Summer Weather That Wreaks Havoc on Driving
After months and months of wishing for warmer weather and vacation time, it’s no doubt that drivers might be in a rush to hit the road. But, just because there’s no threat of ice and snow, doesn’t mean summer weather is worry-free. To ensure your road trip, summer travel plans, or even your commute are hassle-free, be sure to prepare yourself and your car for summer’s own brand of dangerous weather conditions.
According to ThoughtCo.com writer Tiffany Means, thunderstorms are still scary when you’re adult, especially if you get caught in one while driving.
“Torrential rains can make roadways slick and reduce visibility to zero. And if the storm includes hail, your car can be damaged,” said Means.
In addition to more sunny days and trips to the beach, summer produces the most frequent and severe thunderstorms, according to Means.
“The increased sun angle (the angle at which sunlight strikes the Earth) means that the sun heats the Earth’s surface more directly. More solar radiation means there’s more heat energy residing in the air to fuel convection—a necessary ingredient for storm development,” reports Means.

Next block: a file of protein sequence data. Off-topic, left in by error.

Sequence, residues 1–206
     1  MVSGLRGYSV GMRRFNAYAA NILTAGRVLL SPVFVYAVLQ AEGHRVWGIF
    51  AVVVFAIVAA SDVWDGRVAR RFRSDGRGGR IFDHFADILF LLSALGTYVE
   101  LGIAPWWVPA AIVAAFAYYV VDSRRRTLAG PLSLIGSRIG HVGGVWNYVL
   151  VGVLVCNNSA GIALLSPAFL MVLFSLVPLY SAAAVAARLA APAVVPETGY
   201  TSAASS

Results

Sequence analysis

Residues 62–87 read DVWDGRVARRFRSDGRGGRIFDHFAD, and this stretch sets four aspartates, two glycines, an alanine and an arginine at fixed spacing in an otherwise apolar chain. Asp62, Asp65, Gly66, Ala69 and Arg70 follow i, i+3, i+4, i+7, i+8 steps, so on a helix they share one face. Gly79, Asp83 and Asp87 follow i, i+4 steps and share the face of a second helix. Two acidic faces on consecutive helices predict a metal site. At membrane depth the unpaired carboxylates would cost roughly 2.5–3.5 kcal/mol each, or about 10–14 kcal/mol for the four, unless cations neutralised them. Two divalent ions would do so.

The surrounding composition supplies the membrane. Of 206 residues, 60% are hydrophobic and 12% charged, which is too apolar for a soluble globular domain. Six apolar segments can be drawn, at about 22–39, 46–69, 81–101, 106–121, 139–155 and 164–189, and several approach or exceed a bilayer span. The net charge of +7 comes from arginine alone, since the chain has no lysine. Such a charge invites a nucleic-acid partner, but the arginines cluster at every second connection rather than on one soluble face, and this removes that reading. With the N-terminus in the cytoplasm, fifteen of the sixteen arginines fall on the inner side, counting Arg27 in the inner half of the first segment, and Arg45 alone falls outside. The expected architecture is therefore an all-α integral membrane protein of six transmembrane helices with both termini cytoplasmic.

Means also warns against driving or riding in a convertible during a lightning storm because a convertible lacks a metal roof, a necessary component of a vehicle’s complete metal frame; a complete metal frame is what protects drivers and passengers from being harmed if lightning decides to strike the vehicle, according to Means.
Even with a complete metal frame, though, passengers and drivers can still be hurt if lightning strikes the car, which is why Means recommends not touching any metal or electrical objects including the radio, USB connectors, GPS units, cell phone charger, foot pedals, steering wheel or car door handles, inside the car.
“The most fool-proof way to stay safe is to pull over onto the side of the road, turn on your hazard lights, turn off the engine, keep your hands in your lap, keep the windows rolled up, and wait until the thunderstorm has passed before continuing on your journey or exiting the car,” said Means.
Hot temperatures are perfect for a day at the beach or pool, but they can be extremely dangerous when traveling because the temperature in the car can far exceed the outside temperature, which is already off the charts, according to Means.
“Cracking” the windows is not enough, according to Means who recommends that during a pit stop, leave the air conditioner cranked and always have an adult supervise the vehicle; and always make sure everyone is safe and accounted for—do not leave anyone, even pets, in a hot car, ever.
News Source: ThoughtCo.